“We assistance it from the air, as properly as the Syrian army, we help them with weapons, ammunition and supply material assistance.” he said.

But FSA groups dismissed any suggestion of Russian help.

Russian air strikes have targeted a number of FSA groups in western Syria, notably factions that have received military support from Assad’s foreign enemies, which includes anti-tank missiles. A senior Western diplomat said only about 20 % of Russian strikes had been aimed at Islamic State.

A couple of hours later, Kremlin spokesman Dmitry Peskov declined to repeat Putin’s assertion, saying: “Russia supplies weapons to the legitimate authorities of the Syrian Arab Republic.”

Asked whether Putin had been speaking about supplying FSA groups, he added: “Please do not cling to meanings in this case. Such an interpretation is feasible.”

The U.S. State Division mentioned on Friday it was unable to confirm Putin’s claims. Spokesman John Kirby stated, “It is unclear to us … whether or not these claims of assistance to the FSA are correct.”

TRUCK BOMBS

Meanwhile, Islamic State claimed a triple truck bomb attack that killed dozens of folks in a portion of northeastern Syria where Kurdish YPG forces have been pushing back the Islamist militants in recent weeks.

The three blasts, carried out by at least two suicide bombers, went off outside a hospital, at a market and in a residential region in the town of Tel Tamer on Thursday evening, the YPG’s Redur Xelil stated through an internet messaging service.

He put the toll at at least 50 dead and 80 wounded. The Asayish, a Kurdish internal security force, put the death toll at 26.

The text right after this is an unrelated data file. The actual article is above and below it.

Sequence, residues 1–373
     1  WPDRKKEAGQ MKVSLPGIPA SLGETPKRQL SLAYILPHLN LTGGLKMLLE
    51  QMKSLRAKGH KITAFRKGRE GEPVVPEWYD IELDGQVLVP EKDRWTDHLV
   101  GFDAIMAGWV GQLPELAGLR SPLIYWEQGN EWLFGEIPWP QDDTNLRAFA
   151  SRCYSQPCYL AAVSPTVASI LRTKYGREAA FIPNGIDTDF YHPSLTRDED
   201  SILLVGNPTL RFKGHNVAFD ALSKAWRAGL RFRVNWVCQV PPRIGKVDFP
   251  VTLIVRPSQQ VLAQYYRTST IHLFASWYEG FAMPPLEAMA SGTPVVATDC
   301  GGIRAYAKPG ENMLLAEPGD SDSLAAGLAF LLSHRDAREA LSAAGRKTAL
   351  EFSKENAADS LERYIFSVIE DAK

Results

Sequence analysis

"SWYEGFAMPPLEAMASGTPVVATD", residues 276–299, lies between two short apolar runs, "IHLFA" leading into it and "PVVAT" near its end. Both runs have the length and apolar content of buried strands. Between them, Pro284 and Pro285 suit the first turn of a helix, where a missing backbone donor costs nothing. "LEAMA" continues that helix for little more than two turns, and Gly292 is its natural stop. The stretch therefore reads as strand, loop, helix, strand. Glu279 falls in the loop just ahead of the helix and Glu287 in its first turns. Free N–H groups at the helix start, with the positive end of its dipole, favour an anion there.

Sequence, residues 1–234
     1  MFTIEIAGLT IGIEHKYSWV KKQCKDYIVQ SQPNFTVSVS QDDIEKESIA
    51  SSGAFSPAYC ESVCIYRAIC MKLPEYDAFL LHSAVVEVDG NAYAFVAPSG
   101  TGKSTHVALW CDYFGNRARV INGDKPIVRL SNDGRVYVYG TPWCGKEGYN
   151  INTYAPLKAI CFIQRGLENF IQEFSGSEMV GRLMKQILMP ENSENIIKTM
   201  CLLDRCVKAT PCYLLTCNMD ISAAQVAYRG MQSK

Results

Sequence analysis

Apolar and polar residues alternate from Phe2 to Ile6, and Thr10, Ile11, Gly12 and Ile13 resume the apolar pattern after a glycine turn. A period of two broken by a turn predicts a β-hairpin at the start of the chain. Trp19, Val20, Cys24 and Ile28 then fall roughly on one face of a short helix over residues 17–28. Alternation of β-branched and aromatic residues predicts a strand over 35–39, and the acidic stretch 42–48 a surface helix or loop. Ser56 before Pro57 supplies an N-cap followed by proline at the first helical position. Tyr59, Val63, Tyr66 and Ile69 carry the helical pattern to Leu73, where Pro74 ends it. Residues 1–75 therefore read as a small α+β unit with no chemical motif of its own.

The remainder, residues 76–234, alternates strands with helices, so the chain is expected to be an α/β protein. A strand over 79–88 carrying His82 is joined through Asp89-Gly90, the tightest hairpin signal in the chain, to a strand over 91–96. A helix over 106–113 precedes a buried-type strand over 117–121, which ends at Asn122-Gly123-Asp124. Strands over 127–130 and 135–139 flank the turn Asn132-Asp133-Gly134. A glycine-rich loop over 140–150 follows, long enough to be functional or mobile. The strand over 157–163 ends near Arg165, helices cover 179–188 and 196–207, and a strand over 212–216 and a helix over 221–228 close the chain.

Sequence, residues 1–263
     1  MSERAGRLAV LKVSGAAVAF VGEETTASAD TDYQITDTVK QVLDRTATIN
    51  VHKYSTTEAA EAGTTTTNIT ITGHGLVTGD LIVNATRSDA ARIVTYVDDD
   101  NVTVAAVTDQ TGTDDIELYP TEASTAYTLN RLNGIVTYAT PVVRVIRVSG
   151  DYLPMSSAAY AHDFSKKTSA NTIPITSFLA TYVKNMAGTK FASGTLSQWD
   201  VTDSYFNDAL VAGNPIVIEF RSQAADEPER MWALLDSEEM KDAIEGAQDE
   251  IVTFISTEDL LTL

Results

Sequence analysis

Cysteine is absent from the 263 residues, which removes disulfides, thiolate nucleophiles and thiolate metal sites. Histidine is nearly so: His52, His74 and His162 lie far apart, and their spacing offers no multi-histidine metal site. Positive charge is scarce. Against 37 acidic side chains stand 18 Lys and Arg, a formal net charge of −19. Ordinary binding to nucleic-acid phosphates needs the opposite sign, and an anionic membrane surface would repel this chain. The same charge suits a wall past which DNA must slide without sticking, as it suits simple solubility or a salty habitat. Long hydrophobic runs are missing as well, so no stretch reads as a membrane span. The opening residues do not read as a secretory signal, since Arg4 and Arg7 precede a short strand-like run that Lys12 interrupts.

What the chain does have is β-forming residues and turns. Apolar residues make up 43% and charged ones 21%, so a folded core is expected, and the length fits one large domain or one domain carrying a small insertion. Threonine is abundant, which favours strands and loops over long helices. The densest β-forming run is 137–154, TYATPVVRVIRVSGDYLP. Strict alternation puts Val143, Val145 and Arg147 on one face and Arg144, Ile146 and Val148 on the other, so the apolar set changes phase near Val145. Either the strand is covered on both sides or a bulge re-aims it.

The YPG has been the most successful companion on the ground in Syria for the U.S.-led coalition that is pounding Islamic State from the air.

But it operates only in northern Syria, and is distrusted by other rebel groups, which shut it out of the Riyadh conference along with the al Qaeda-linked Nusra Front, fighting alongside other rebels against Assad in western Syria.

Variations also stay between the groups that did attend, with numerous fighters contemplating Damascus-based political opposition figures to be also close to Assad – the same purpose the YPG was excluded.

But the virtually five-year-old conflict, in which a lot more than 250,000 men and women have died, has also spawned unlikely alliances of convenience.

Turkey’s President Tayyip Erdogan said he would go to Saudi Arabia, a sturdy supporter of the anti-Assad rebels, quickly.

“I will check out Saudi Arabia at the end of the month for an official pay a visit to and we will talk about a number of matters and join hands with Saudi Arabia with regard to the region’s troubles,” he mentioned in an interview with Al Jazeera.

Senior U.S. Treasury Department official Adam Szubin stated in London on Thursday that Islamic State had created more than $ 500 million selling oil from territory it controls, with substantial volumes sold to Assad’s government and some finding its way to Turkey.

The United Nations says the war has left 13.five million Syrians in want of support and protection, like 400,000 living below siege and four.5 million in regions that are difficult for humanitarian help to attain.

U.N. Emergency Relief Coordinator Stephen O’Brien was to meet senior government officials in Damascus on Saturday to seek techniques to get much more help to those in most want.

(Extra reporting by Tom Perry in Beirut Writing by Kevin Liffey Editing by Janet Lawrence and Louise Ireland)

Agen Sabung Ayam